U.S. Orders Russia to Close Its Consulate General in San Francisco, Two Annexes By Sept. 2

Posted: 11:17 am ET
[twitter-follow screen_name=’Diplopundit’]

 

On August 31, the State Department announced that it is requiring the Russian Government to close its Consulate General in San Francisco and two annexes in Washington, D.C. and New York City. Closures need to be done by Saturday, September 2.

The United States has fully implemented the decision by the Government of the Russian Federation to reduce the size of our mission in Russia. We believe this action was unwarranted and detrimental to the overall relationship between our countries.

In the spirit of parity invoked by the Russians, we are requiring the Russian Government to close its Consulate General in San Francisco, a chancery annex in Washington, D.C., and a consular annex in New York City. These closures will need to be accomplished by September 2.

With this action both countries will remain with three consulates each. While there will continue to be a disparity in the number of diplomatic and consular annexes, we have chosen to allow the Russian Government to maintain some of its annexes in an effort to arrest the downward spiral in our relationship.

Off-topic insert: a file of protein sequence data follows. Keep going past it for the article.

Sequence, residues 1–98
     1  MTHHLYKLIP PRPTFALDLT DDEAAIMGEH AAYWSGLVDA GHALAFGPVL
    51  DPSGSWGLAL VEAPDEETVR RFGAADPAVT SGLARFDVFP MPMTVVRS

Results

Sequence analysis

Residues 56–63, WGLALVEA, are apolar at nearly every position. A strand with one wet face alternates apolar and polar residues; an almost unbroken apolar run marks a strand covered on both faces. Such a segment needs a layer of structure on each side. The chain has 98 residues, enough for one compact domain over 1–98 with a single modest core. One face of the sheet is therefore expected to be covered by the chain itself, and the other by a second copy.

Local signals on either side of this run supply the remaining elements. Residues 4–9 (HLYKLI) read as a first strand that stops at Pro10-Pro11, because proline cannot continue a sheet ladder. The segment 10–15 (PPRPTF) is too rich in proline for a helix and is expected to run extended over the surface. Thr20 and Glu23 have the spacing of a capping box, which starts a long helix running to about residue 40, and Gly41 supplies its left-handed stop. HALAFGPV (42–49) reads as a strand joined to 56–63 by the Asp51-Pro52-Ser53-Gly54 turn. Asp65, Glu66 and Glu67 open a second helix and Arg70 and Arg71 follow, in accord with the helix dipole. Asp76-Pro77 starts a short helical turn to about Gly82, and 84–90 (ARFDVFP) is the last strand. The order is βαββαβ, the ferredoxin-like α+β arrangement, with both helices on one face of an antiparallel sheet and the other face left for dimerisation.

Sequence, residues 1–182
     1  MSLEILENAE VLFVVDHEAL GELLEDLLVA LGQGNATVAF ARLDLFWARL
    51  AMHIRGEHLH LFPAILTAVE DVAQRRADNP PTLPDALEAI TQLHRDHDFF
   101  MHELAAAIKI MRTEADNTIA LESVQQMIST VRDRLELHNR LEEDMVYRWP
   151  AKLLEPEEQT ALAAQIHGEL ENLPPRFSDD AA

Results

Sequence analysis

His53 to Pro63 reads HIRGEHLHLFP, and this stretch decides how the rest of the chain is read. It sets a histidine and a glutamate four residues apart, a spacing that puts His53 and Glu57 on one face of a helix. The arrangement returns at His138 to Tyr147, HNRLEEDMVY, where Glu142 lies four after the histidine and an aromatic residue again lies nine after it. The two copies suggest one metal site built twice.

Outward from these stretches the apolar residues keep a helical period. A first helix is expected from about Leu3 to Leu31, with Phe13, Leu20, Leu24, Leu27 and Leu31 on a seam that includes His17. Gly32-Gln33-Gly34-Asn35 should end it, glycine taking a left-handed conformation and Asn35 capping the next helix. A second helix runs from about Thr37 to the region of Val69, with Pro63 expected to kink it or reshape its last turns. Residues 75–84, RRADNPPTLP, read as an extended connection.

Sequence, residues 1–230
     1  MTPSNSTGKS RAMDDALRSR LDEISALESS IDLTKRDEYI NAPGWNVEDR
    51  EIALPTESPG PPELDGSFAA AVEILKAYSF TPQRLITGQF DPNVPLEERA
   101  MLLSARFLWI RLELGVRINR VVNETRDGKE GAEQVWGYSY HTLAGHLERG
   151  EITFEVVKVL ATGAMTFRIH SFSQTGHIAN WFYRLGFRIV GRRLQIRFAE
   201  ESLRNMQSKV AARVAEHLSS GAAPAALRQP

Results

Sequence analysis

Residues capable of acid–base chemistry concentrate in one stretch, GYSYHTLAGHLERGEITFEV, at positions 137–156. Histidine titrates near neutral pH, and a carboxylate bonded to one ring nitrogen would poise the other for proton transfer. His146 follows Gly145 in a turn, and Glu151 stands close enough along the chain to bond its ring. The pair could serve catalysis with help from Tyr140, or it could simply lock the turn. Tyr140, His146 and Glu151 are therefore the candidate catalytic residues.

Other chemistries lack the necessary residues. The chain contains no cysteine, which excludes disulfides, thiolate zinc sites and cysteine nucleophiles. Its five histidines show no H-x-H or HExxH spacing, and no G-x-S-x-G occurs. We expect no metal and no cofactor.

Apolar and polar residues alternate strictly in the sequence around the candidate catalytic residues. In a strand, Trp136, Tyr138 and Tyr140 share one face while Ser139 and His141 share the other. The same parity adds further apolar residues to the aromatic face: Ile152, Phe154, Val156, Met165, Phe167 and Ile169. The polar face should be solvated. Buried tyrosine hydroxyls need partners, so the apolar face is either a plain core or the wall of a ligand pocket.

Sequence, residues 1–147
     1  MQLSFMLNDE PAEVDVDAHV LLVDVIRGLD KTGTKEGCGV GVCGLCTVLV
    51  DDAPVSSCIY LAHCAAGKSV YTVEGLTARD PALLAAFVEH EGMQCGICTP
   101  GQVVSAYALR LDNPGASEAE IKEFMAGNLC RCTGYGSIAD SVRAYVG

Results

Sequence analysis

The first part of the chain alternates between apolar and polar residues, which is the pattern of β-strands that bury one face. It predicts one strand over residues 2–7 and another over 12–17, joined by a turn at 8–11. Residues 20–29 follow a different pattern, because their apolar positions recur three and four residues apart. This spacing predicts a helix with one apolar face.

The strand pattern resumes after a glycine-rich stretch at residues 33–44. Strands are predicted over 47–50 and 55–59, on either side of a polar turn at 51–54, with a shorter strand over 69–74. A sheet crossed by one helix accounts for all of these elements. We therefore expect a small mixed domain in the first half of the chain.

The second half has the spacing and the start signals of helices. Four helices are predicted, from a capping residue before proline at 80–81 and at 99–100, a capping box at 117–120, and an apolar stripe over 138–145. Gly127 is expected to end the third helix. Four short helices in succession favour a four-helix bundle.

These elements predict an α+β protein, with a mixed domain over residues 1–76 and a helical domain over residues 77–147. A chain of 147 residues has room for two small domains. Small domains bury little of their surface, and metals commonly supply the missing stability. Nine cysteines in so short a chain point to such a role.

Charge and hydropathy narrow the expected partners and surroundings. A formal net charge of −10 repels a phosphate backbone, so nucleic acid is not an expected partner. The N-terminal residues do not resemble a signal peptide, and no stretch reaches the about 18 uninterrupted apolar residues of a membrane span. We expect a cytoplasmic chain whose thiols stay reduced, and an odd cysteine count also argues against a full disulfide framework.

The United States hopes that, having moved toward the Russian Federation’s desire for parity, we can avoid further retaliatory actions by both sides and move forward to achieve the stated goal of both of our presidents: improved relations between our two countries and increased cooperation on areas of mutual concern. The United States is prepared to take further action as necessary and as warranted.

A senior official confirmed to BuzzFeed that that the U.S. presence  is down to 455 in Russia, but apparently would not give a breakdown of who was let go.

A couple weeks ago, the New York Daily News citing Kommersant reported that Russia may be forced to close one of four consulates in the U.S. as part of an ongoing diplomatic tit-for-tat.  Russia has consulates general in New York, Houston, San Francisco, and Seattle.

Three days ago, Russia MFA rep Maria Maria Zakharova reportedly said on television that the reduction of personnel at U.S. Mission Russia was not “absolutely not a Russian demand”, that it was an offer, a suggestion.

The July 27 statement released by the Russian Foreign Ministry said that it “reserves the right to resort to other measures affecting US’ interests on a basis of reciprocity.” In that same statement, it uses the word “suggest” but also “must.” There is no way to interpret that official statement as merely a suggestion for the U.S. Government